Harold Arlen was a musical prodigy who left school to work as a singer, pianist, arranger, composer and who, by his teens, had formed a jazz trio. He had his first Broadway hit, “Get Happy” (1930), with Ted Koehler. They went on to write for Cotton Club revues and film, turning out “Between the Devil and the Deep Blue Sea” (1931), “I Got A Right To Sing the Blues” (1932), “Stormy Weather” (1933), and “Let’s Fall in Love” and “Ill Wind” (1934).
Arlen wrote “Last Night When We Were Young” (1935) with “Yip” Harburg, the tip of their iceberg, so to speak, because in 1939 they scored The Wizard of Oz. “Over the Rainbow” won the Oscar and became Judy Garland’s signature tune. But Arlen’s talent for creating complex melodic and rhythmic structures made other songs from the film popular with jazz musicians--“Ding-Dong! The Witch Is Dead” and “If I Only Had a Brain.” The pair’s “Happiness is Just a Thing Called Joe” from Cabin in the Sky was nominated for a 1942 Oscar.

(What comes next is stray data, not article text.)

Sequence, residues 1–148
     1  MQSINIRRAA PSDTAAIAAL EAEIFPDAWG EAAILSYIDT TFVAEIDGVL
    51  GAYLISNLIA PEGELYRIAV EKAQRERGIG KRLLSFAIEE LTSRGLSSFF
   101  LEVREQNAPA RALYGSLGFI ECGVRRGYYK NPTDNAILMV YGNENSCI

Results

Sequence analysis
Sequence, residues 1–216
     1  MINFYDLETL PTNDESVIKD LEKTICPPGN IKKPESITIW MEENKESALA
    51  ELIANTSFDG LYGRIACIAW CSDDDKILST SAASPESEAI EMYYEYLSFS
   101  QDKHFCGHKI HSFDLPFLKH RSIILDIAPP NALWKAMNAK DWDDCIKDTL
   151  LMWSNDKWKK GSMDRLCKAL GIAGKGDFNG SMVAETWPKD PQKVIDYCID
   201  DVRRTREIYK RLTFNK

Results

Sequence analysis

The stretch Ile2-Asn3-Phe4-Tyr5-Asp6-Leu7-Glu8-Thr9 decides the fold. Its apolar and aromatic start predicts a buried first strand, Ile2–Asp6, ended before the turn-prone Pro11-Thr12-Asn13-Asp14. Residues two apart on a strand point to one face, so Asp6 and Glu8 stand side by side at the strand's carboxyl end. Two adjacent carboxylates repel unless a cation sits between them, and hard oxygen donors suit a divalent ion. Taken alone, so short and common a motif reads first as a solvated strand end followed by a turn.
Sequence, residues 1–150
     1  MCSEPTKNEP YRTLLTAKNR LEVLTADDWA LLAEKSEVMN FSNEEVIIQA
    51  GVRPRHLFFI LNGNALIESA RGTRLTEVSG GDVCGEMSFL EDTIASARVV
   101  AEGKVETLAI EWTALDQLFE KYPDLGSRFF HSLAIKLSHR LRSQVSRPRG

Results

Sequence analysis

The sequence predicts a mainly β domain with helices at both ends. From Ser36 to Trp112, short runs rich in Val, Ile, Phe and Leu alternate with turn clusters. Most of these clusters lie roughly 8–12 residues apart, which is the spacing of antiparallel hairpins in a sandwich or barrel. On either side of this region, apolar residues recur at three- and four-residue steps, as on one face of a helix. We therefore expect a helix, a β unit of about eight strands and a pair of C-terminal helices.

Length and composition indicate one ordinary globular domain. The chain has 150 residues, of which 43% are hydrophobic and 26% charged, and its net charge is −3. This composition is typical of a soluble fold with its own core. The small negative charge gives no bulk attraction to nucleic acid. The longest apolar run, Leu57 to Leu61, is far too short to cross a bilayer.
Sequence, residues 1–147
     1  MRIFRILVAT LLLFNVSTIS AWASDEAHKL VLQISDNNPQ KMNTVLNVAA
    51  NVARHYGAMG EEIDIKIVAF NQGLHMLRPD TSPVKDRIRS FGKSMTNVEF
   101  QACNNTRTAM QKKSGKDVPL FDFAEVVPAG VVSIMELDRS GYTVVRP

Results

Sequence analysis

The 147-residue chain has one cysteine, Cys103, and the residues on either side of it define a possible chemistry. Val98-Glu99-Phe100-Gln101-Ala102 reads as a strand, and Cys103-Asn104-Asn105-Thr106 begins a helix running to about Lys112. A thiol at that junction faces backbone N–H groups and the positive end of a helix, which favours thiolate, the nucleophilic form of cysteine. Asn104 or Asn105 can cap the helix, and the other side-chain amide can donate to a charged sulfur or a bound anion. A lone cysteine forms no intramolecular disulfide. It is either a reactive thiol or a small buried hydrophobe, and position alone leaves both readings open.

Arlen’s collaboration with Johnny Mercer turned out equally dazzling songs: “Blues in the Night” (1941), “That Old Black Magic” (1942), “My Shining Hour” (1943), “One For My Baby” (1943), “Ac-Cent-Tchu-Ate the Positive” (1944), “Out Of This World” (1945) and “Any Place I Hang My Hat Is Home” and “Come Rain or Come Shine” (1946).
From 1948 on, Arlen collaborated with several lyricists, writing “The Man That Got Away” with Ira Gershwin for the Judy Garland film, A Star Is Born (1952) and returning to Broadway in 1954 to work with Truman Capote on a show which produced “A Sleepin’ Bee” and “Two Ladies in de Shade of de Banana Tree.”
Arlen’s Blues Opera Suite was performed by Andre Kostelanetz at Carnegie Hall in 1957, and he continued to work until his wife’s death in 1970 when he withdrew from public life.
-- Sandra Burlingame
Courtesy of JazzStandards.com